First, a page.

An outsource partner can perform network optimization to determine the best area(s) across the globe to set up warehouses and inventory locations. This process can determine where your core customers are located so you can stock inventory, perform repairs and process returns close to your customers. This optimization process can also help prevent you from establishing too many locations, which can be costly and ineffective to your operations.
  6. Streamline sourcing
    Whether you work with 10 suppliers or 150, managing these relationships can be complex. From sourcing parts and testing, to inventory management and disposition, an outsource partner can manage these relationships, processes and complexities so you can focus on your core business.

 

The Future of Trans-Eurasian Freight

  
  
  

As air and sea freight costs are rising and slow steaming is affecting lead times these issues are prompting companies to examine alternative routes from Asia to Europe and specifically looking at rail from China to Europe.

The train line from China to Europe, known as the Trans-Siberian Railway, was started in about 1890 and was completed around 1929. The railway has a number of key routes via Moscow, one of which is a northern route through Siberia. It leaves China at the Russian border at a place called Manzhouli/Zabaykalsk and then it makes its way across Siberia to Moscow. There is an alternative route to Moscow via Mongolia and Kazakstan. Other European sections of the route go via Poland the Ukraine and Belarus, depending on which part of Europe they are heading towards.

Trans Siberian Railway   TEL

So which routes have been tested? To date I have seen the following:

  • Shanghai  China to Duisburg Germany  (18 Days)
  • Chongqing  to Duisburg (16 Days)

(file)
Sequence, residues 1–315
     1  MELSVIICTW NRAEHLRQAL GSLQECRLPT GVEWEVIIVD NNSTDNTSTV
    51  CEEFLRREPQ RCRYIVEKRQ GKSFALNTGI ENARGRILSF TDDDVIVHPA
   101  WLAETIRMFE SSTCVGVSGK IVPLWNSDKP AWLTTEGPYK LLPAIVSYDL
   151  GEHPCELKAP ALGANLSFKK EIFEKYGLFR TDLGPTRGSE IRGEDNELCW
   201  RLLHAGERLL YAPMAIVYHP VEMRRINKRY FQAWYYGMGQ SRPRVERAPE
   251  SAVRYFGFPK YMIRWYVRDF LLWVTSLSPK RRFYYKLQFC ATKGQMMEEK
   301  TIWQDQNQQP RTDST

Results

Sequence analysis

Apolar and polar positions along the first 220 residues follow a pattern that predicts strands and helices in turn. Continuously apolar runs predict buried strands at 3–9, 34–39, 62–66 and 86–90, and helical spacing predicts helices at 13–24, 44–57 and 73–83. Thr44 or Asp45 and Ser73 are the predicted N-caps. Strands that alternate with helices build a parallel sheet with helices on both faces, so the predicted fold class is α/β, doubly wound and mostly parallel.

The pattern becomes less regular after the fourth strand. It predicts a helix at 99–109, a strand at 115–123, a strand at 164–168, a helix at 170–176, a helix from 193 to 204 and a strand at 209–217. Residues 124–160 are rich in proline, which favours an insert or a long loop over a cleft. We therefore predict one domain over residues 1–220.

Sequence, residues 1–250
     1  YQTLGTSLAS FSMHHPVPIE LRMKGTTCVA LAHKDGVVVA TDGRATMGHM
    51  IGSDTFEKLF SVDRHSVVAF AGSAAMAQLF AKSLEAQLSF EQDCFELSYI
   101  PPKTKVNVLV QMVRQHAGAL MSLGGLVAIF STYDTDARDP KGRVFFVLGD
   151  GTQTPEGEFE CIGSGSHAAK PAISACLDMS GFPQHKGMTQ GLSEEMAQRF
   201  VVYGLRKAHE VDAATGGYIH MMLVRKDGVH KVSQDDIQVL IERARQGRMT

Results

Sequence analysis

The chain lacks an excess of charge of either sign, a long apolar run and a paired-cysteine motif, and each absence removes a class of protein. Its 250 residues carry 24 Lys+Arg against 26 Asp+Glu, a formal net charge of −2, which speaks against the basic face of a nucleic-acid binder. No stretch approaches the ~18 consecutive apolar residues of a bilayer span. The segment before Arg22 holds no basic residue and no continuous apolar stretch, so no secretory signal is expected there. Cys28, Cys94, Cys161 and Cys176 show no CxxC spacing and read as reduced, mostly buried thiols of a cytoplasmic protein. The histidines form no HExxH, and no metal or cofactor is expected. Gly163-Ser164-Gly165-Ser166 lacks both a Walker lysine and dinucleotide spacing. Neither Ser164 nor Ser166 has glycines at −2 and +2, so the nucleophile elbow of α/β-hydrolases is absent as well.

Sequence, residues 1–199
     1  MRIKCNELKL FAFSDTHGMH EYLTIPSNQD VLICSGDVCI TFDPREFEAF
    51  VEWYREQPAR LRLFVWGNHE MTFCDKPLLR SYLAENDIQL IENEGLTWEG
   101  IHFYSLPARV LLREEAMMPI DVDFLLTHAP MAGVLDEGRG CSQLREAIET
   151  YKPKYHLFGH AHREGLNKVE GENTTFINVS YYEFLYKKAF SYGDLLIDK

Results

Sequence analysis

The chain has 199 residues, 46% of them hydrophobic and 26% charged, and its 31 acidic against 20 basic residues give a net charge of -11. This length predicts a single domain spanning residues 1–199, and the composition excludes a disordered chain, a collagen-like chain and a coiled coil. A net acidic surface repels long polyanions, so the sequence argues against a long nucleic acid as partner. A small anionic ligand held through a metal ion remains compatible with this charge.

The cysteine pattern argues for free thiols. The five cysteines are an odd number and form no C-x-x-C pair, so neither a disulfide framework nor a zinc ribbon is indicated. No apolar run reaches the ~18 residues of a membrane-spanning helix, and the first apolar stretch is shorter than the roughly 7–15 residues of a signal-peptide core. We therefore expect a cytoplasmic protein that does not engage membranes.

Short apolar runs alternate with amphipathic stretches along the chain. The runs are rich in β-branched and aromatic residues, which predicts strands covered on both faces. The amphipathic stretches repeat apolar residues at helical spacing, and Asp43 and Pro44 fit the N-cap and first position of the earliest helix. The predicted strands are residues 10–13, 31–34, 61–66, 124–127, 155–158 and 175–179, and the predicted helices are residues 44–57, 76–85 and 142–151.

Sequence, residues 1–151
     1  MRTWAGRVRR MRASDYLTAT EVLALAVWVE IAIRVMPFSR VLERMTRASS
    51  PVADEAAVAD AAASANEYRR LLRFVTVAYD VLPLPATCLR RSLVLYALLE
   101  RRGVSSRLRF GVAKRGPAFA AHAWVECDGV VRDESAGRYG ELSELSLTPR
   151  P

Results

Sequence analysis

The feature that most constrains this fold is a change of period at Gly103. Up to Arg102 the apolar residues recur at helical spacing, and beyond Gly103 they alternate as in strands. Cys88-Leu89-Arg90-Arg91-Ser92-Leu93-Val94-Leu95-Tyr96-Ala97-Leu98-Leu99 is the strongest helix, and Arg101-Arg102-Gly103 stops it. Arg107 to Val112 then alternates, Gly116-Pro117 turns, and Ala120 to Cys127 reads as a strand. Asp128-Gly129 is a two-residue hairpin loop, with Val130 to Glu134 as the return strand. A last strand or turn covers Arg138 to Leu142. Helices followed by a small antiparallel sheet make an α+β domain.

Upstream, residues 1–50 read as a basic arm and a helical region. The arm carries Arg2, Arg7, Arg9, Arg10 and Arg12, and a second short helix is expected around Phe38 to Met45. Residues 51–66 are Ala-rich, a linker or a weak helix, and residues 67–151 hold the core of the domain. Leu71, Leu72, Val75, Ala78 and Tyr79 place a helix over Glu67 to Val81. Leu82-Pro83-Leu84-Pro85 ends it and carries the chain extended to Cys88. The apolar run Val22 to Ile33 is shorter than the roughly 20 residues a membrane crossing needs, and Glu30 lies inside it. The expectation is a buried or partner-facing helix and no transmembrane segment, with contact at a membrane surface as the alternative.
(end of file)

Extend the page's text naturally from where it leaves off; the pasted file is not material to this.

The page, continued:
• Xiangtang, China, to Hamburg (17 Days) 

The freight lead times are very good in comparison to sea freight where the usual shipping time can be 36 days or more depending on the end location in Europe. The scale of the railway is immense as it crosses 11 time zones and more than 11,000 km.

Some of the challenges on the route are as follows:

  • The gauge of the track is different in China, Russia and Europe which means containers need to be transhipped or the bogies on the trains need to be changed at the border.
  • Public trains or block trains can be utilized for destinations.  Block trains are private trains that go the most direct route, cutting times.  However, they need a certain number of containers going to a similar destination to make them viable, so this can create issues with the regularity of the trains.
  • Due to the number of countries the trains are passing through, there is a higher likelihood of hold ups due to paperwork issues and customs challenges.
  • In order for the service to be optimal it is better to be very close to a railway station so that transhipment costs are minimized. 

So how does the service compare to more traditional modes?

Relative Cost Comparison of Transportation Modes   TEL

Rail freight is just under the cost of the air/sea options although still more costly than the sea options. With further volumes and developments in the train networks these costs should reduce over time. 

One company that is heavily involved in the development of the routes is Trans Eurasia Logistics which is a company set up by Deutsche Bahn AG and the Russian Railways (RZD) in early 2008.

The key growth driver for trans-Eurasian freight will be the development of inland Chinese cities. As lower wage rates are sought the factories are moving further inland meaning that factories are further from the main sea ports and will rely on the railways for transportation.

If you want to try the route yourself as a passenger see the following website: http://www.seat61.com/Europe-train-travel.htm